China delivered more weak figures on Wednesday, further signalling the extent of the slowdown in the economy. However, the negative news could be an indicator that there might be a chance for Chinese stocks to recover as policymakers consider increasing stimulus.
The world’s second-largest economy posted a poor performance as depicted in its November numbers as a result of the property-market slump and lockdown. With the announcement of the new Covid-19 variant and the resultant lockdowns ordered by Beijing in line with its “zero tolerance for Covid-19” policy, economists expect China’s economy to have a difficult period.
As a measure taken to prevent the possibility of a downward spiral, economists expect policymakers will keep stepping in, especially as the country approaches the 20th Party Congress next year, in which Xi Jinping is expected to stand for a third term.
The data capturing investors’ attention the most is related to retail sales, which is typically seen as a proxy to gauge the health and sentiment of the Chinese consumer. For property developers such as Evergrande Group and Kaisa roil, the property market figures are under close watch amidst the heavy debt troubles. November retail sales 3.9% compared to 4.9% the month before- a fluctuation caused by seasonal factors. Analysts’ consensus expectation for growth stood at roughly 4.7%.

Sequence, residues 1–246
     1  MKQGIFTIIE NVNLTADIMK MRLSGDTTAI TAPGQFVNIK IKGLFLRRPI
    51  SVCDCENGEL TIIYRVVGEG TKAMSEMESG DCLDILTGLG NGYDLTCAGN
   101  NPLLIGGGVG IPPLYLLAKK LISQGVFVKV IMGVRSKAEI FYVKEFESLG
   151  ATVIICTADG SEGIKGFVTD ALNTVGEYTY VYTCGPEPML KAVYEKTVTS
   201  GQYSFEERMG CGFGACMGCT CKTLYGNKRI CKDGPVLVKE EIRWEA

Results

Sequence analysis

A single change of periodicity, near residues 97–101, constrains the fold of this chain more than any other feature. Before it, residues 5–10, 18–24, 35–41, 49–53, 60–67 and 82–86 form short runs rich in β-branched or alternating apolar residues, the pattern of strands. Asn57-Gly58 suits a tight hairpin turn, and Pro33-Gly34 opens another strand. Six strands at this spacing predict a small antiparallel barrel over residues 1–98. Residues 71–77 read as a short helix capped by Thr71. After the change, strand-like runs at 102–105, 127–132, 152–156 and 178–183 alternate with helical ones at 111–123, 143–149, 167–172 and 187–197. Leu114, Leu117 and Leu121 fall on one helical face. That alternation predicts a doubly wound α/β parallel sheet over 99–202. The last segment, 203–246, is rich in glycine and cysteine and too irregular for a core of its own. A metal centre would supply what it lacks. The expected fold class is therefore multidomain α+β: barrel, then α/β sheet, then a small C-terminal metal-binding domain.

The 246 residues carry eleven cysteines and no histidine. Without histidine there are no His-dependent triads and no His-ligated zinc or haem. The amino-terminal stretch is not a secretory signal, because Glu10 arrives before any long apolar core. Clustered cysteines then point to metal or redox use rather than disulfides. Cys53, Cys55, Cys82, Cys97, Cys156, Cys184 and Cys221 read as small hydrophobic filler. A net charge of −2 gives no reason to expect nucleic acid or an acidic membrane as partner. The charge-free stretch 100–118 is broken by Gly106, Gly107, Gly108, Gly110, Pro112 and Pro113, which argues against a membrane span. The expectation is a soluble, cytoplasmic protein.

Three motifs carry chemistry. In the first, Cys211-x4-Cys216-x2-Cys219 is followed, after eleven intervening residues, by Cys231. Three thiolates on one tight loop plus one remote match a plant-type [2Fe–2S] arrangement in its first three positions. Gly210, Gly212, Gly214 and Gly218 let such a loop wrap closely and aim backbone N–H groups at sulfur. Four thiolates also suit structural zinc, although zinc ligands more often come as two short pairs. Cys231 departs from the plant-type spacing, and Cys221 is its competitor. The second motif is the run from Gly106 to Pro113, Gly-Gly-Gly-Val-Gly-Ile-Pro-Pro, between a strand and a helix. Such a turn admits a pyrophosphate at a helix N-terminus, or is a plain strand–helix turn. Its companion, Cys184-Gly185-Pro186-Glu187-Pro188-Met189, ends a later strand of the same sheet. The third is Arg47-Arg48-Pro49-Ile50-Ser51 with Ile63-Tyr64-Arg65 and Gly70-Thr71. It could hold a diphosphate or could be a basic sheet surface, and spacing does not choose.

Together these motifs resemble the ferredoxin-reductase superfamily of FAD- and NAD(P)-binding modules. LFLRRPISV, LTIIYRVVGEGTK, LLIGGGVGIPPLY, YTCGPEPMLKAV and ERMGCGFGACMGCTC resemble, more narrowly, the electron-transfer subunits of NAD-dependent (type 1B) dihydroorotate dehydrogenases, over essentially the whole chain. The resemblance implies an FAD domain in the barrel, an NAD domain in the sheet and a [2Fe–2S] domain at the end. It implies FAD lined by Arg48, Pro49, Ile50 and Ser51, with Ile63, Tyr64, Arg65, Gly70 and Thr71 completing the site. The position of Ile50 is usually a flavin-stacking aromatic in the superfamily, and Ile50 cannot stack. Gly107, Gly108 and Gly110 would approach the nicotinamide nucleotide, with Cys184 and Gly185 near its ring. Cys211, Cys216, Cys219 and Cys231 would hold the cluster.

While some might view this as an indication that the Chinese economy will not recover anytime soon, Derek Scissors, a longtime China watcher and senior fellow at the American Enterprise Institute, sees things from a more positive perspective. According to Scissors, the current release of bad economic news signals a departure from the Chinese tendency of smoothing out data to avoid reporting any sharp downturns.
“These are the lowest growth figures we have seen except in the heart of the crisis,” says Scissors. “They are being more honest (about the data). Whenever they are willing to be more transparent, it’s a positive.”
The report points to the fact that it seems Beijing is moving away from purely a purely economic growth focus and is now taking other metrics such as building a more equitable society and job creation. This new direction is in alignment with its latest determination to create shared prosperity to counter the inequality brought on by the country’s hyper-growth of the previous decade.
At the core of the conversation coming out of the annual Central Economic Work Conference is a focus on stability which could see China receive some measure of support. However, the ongoing geopolitical tension between U.S and China, ranging from delisting to investment bans, is still a major cause of concern to U.S investors. On Wednesday, the iShares MSCI China ETF (Ticker: MCHI) fell 2.4% at $62.66.
A few steps that Beijing has taken include lowering the reserve-requirement ratio for banks, which has the effect of freeing up money for lending. In a note to clients, Goldman Sachs strategists said various officials had signalled for the need for increased policy support in the housing sector. Despite the steps taken, the bank noted that there was still room to do more, especially in terms of housing, to ensure funding for developers and help in the recovery of property transaction activity in order to hit Goldman’s 4.8% economic growth target in 2022.